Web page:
In February 1993, plaintiff's surgeon was deposed. During the deposition a videotape demonstration of the modified light-duty, “net assembly” job offered to plaintiff in June and July of 1992 was shown. The doctor opined that plaintiff was probably capable of performing the job, although plaintiff would suffer pain in doing so and would have to be given the opportunity to move gradually into full-time work. The doctor noted that plaintiff had to go about daily living with a certain amount of pain and that he could just as well perform the job under these circumstances, given the numerous accommodations that defendant had made in the job duties of the “net assembly” position to account for the limitations on plaintiff's physical abilities. The doctor also noted that plaintiff might not have given enough time to the job in his brief attempt to perform it in June 1992. The videotape was admitted as evidence at the trial before the magistrate.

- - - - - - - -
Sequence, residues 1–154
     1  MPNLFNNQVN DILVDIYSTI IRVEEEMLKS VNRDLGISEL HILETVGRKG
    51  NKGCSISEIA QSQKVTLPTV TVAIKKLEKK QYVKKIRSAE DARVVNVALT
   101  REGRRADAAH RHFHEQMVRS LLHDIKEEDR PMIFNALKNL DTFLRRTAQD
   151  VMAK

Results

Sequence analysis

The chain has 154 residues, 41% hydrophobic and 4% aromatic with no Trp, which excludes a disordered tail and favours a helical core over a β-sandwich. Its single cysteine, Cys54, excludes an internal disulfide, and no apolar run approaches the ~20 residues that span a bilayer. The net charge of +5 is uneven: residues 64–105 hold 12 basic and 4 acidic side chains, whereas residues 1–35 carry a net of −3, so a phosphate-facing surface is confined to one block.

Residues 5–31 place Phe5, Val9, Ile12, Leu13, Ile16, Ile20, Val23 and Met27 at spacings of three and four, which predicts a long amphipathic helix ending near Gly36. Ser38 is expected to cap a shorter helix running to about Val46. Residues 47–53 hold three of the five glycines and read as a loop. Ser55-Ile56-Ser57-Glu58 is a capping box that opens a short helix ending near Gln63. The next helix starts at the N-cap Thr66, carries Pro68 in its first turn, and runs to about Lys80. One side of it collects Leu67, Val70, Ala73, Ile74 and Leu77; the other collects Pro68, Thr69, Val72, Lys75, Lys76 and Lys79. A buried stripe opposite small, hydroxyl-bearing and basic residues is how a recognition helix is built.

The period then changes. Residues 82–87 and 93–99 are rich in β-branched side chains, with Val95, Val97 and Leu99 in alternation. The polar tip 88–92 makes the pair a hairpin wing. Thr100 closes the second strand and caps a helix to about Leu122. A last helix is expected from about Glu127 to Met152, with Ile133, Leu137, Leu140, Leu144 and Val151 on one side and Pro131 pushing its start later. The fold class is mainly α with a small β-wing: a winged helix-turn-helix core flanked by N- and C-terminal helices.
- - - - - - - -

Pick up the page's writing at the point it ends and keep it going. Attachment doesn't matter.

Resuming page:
Shortly after the surgeon's deposition, which plaintiff attended, plaintiff phoned defendant and offered to return to work at the modified “net assembly” job. However, according to defense testimony at the trial of this case, the job had been phased out and was no longer being held for plaintiff. According to the defense witnesses, the job had been restructured and would no longer accommodate plaintiff's limitations because it was being performed by two workers instead of by three as when plaintiff attempted it in June 1992.